The satisfiability (SAT) problem is a central problem in mathematical logic, computing theory, and artificial intelligence. An instance of SAT is specified by a set of boolean variables and a propositional formula in conjunctive normal form. Given such an instance, the SAT problem asks whether there is a truth assignment to the variables such that the formula is satisfied. It is well known that SAT is in general NP-complete, although several important special cases can be solved in polynomial time. Semidefinite programming (SDP) refers to the class of optimization problems where a linear function of a matrix variable X is maximized (or minimized) subject to linear constraints on the elements of X and the additional constraint that X be positive semidefinite. We are interested in the application of SDP to satisfiability problems, and in particular in how SDP can be used to detect unsatisfiability. In this paper we introduce a new SDP relaxation for the satisfiability problem. This SDP relaxation arises from the recently introduced paradigm of ``higher liftings'' for constructing semidefinite programming relaxations of discrete optimization problems. To derive the SDP relaxation, we first formulate SAT as an optimization problem involving matrices. Relaxing this formulation yields an SDP which significantly improves on the previous relaxations in the literature. The important characteristics of the SDP relaxation are its ability to prove that a given SAT formula is unsatisfiable independently of the lengths of the clauses in the formula, its potential to yield truth assignments satisfying the SAT instance and the fact that it is more amenable to practical computation than previous SDPs arising from higher liftings. We present theoretical and computational results that support these claims.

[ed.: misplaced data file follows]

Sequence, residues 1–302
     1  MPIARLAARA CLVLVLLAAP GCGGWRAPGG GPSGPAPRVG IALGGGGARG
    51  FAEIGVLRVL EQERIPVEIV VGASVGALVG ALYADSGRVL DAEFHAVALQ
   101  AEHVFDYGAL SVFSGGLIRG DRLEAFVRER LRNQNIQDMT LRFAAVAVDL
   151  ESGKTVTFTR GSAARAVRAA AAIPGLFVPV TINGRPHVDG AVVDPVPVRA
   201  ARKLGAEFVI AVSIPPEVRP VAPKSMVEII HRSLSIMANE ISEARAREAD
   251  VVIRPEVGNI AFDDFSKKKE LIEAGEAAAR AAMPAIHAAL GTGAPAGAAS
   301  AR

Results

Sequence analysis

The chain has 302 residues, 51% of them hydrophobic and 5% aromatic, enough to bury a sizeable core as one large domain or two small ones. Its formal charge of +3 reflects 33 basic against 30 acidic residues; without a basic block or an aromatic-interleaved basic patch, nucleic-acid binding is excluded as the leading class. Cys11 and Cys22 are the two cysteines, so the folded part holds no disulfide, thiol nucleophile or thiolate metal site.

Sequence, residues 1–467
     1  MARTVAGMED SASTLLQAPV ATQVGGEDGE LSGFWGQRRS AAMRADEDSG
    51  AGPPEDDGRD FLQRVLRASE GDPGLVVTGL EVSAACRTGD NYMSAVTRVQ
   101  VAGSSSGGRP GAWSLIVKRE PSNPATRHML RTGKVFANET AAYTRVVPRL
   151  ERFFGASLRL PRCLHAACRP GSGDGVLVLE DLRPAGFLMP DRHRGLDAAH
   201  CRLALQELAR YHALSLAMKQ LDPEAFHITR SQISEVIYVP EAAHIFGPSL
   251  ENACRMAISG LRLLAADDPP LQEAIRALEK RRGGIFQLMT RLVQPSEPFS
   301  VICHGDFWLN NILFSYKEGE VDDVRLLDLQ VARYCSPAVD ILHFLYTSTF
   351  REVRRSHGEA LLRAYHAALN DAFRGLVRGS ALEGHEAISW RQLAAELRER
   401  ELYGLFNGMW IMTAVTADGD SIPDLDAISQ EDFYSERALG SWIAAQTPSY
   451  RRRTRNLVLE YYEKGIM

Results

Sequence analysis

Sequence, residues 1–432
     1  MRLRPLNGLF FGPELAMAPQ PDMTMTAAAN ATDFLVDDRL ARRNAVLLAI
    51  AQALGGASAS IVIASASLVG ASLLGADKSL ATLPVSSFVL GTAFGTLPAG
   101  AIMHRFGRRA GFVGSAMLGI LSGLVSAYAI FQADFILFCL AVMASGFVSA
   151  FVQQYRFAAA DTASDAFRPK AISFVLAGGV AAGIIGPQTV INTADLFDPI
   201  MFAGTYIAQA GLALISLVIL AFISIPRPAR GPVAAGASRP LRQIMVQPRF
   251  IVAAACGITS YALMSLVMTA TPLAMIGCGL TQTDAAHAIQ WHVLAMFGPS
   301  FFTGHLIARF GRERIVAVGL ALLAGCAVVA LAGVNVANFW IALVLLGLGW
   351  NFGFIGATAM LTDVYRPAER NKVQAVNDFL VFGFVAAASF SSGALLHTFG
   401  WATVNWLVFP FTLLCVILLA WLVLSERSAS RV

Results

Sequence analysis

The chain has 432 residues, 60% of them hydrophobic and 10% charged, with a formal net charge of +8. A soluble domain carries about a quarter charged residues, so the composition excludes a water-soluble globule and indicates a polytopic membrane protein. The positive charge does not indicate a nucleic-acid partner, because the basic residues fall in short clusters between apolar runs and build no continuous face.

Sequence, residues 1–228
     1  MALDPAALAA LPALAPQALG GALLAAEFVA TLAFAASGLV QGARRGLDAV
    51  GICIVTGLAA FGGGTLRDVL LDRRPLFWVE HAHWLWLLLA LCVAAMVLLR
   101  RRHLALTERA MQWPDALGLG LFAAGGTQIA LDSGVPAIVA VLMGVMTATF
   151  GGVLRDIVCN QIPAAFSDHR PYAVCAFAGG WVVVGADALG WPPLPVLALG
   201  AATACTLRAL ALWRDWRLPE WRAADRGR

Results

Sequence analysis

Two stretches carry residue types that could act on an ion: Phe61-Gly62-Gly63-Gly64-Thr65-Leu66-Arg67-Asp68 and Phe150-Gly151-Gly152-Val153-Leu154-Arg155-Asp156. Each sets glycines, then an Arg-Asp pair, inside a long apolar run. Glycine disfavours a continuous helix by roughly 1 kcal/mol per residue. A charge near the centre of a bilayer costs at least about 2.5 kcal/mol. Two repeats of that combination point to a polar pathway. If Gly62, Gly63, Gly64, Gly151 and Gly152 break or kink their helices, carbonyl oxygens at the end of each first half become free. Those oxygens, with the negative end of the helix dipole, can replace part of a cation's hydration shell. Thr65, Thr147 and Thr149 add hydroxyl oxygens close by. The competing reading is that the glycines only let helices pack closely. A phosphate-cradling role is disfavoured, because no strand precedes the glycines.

Mathematical Programming 102 (3), 2005, 589-608.